At most (maybe even all?) Conservative synagogues, the congregation remains seated during every kaddish (except mourner's kaddish, and then only mourners rise). At Ashkenazic Orthodox synagogues, the entire congregation rises for every kaddish. The question: Does anybody know how far back this difference goes, and why it originated? Back in the 1940s, for example, was the difference in practices already in place? What about in the early 1900s? Can the difference in practice be traced to older halachic traditions (e.g. "The Shulchan Aruch says X but the Rema says Y"), or is there some subtle ideological point being made?

This question of sitting vs. standing for kaddish was raised in Is it required to stand during Kaddish? but there the context seems to be only Kaddish Yatom, and I am interested in the other instances of kaddish as well; also, my question is not so much about the halacha as it is about the historical point of divergence in practice between Orthodox and Conservative congregations in the United States.

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    It seems you've never been to a Sephardic Orthodox synagogue.
    – Double AA
    Commented Feb 8, 2013 at 15:04
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    Also, in your linked question, only the lowest voted answer makes any reference to mourning. The question and other answers deal with all kaddishes.
    – Double AA
    Commented Feb 8, 2013 at 15:06
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    Michael, welcome back to MY. More than likely the divergence traces back to some ideological shift based on either ignorance of the Halachah or relaxing in its observance/enforcement/encouragement. Are there places in Conservative synagogues where the congregation stands uniformly that suggest some ideological push to do so (like prayer for the State of Israel)?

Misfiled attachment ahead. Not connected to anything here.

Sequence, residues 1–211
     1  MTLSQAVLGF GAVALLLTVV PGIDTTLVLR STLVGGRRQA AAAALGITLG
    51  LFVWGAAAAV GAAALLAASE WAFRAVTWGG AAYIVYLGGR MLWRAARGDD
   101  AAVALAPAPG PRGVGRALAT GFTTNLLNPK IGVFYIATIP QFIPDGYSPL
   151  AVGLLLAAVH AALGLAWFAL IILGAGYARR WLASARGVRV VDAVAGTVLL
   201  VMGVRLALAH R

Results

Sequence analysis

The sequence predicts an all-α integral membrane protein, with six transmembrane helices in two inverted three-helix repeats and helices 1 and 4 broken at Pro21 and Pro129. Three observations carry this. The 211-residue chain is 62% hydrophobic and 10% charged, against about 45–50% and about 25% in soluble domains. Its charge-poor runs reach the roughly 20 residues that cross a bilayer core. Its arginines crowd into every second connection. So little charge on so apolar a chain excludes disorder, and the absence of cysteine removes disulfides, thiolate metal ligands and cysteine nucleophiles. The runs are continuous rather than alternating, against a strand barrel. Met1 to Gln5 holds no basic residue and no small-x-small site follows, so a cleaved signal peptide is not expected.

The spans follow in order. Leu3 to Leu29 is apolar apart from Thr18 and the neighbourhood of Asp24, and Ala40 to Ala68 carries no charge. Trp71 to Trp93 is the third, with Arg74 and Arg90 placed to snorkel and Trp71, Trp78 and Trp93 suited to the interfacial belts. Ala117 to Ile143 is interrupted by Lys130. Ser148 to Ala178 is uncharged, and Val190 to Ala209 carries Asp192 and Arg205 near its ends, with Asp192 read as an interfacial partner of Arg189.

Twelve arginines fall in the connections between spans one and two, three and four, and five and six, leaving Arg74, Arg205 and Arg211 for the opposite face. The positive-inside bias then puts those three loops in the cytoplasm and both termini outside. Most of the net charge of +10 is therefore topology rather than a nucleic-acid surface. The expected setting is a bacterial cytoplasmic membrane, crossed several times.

– Seth J
    Commented Feb 8, 2013 at 15:10
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    I don't know what's common or not, but the Conservative congregation I go to on weekdays stands for kaddish (all of them). Commented Feb 8, 2013 at 15:21
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    Actually I attended a Sephardic Orthodox congregation nearly exclusively from 1998-2002 and my recollection (which could be wrong) is that they rose for every kaddish. But I've edited the question to specify "Ashkenazic Orthodox" to avoid complicating the question. Since Conservative Judaism emerged out of an Ashkenazic context it would be odd if they adopted a Sephardic minhag, no? If this really does originate in an Ashkenazic/Sephardic difference then the "when" and "why" questions seem to be even more salient.
    – mweiss
    Commented Feb 8, 2013 at 15:38

1 Answer 1


The Rem"a, in his glosses to Shulchan Aruch SIman 56, writes that it is best to stand when Kaddish is being recited. In his work Darchei Moshe he brings the custom of the Maharil and the Ariza"l, who would remain standing for Kaddish if they were previously standing but would not intentionally stand for Kaddish. The Magen Avraham writes that one should not be lenient in this regard, and should make sure to stand. (Shaul Wolf Chabad.org)


whether to stand or not isn't at all related to orthodox or conservative but a difference in opinion among legitimate Rabbis. also the person who is reciting kaddish apposed to those responding definitely does stand according to all opinions

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    Nonetheless, there does seem to be a difference between the Conservative practice and the Orthodox Ashkenazi practice. The OP is asking about that difference. Is this difference of opinion that you mention here the reason? How far back does it go?
    – Daniel
    Commented Mar 15, 2016 at 2:21

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